"The business of America is business," quipped President Calvin Coolidge in the 1920s. Not even "Silent Cal," however, could have predicted what happened to business at the end of the twentieth century, when the remarkable performance of the U.S. economy called into question assumptions, methods, practices, values, and truths of long standing. Suddenly, and in many instances quite unexpectedly, the old rules governing business no longer applied and no one knew for sure what the new rules were going to be. A volatile and unpredictable decade for business, the 1990s was as full of opportunity and promise as it was peril and apprehension.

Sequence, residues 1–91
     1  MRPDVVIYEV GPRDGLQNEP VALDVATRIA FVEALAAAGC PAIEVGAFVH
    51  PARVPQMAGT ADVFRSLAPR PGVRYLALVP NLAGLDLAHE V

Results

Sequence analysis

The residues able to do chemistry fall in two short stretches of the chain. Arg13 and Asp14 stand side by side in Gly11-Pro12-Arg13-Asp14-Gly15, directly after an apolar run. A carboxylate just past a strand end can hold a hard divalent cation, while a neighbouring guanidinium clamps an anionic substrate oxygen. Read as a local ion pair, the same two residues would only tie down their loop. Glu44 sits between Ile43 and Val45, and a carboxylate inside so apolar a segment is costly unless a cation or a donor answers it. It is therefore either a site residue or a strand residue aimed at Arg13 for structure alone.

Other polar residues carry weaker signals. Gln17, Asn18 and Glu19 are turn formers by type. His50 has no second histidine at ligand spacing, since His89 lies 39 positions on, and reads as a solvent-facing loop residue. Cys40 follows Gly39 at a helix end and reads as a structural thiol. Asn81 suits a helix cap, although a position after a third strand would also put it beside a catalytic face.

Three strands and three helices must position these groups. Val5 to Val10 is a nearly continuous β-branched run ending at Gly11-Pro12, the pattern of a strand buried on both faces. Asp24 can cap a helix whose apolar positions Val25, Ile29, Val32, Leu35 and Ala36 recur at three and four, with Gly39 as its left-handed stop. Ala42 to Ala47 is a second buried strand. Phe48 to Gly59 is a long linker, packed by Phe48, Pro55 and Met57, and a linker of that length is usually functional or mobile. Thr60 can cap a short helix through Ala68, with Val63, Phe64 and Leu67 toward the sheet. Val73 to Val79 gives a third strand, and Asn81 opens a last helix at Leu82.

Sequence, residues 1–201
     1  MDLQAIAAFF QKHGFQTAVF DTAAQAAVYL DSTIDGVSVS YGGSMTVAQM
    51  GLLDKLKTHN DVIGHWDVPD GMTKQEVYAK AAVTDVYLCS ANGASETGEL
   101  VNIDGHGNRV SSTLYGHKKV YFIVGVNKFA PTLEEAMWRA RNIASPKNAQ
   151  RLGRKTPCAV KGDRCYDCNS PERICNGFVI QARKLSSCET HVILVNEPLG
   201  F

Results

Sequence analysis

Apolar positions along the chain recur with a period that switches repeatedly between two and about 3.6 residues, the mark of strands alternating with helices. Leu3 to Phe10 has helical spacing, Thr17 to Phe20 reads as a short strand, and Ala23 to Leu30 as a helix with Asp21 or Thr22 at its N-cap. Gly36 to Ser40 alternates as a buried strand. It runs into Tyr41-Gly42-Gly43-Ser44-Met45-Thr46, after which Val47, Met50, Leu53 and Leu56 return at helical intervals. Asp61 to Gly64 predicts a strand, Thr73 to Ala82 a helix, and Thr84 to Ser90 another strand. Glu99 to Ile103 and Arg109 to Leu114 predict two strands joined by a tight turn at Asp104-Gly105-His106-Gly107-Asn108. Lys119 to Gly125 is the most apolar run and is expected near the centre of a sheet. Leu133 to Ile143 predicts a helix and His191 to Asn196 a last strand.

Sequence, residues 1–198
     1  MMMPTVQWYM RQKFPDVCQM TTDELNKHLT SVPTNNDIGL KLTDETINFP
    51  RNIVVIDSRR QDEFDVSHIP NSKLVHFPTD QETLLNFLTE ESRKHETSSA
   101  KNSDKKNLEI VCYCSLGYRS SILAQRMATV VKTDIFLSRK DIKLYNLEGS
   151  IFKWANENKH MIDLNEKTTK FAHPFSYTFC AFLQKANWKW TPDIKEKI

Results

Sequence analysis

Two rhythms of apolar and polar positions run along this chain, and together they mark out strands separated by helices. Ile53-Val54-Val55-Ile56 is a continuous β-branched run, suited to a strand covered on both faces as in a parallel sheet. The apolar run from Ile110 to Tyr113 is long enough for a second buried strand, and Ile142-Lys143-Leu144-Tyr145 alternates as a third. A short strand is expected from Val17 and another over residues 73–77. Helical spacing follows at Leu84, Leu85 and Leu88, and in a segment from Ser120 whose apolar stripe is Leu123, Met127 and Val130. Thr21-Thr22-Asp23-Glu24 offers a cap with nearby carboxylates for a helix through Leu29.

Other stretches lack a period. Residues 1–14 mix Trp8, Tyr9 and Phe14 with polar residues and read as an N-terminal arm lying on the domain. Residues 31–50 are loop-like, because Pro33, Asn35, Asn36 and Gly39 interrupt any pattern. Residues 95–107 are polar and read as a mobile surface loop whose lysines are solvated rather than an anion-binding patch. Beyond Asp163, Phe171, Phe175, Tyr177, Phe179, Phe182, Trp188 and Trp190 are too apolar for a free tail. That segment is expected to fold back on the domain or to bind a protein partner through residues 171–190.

This upheaval resulted primarily from the advent of the Internet, which transformed life for most Americans. Suddenly the whole world was more accessible as an unprecedented quantity and variety of information enabled companies and individuals to function more efficiently and profitably. The Internet fundamentally changed business as brash, computer-savvy entrepreneurs eclipsed many of their more venerable, and now vulnerable, counterparts, who found themselves struggling to make sense of the new cyberworld. Observers differed, however, on how the Internet was altering the world; when the World Wide Web made the Internet more accessible, starting in 1994, the traditional...
(The entire section is 1269 words.)
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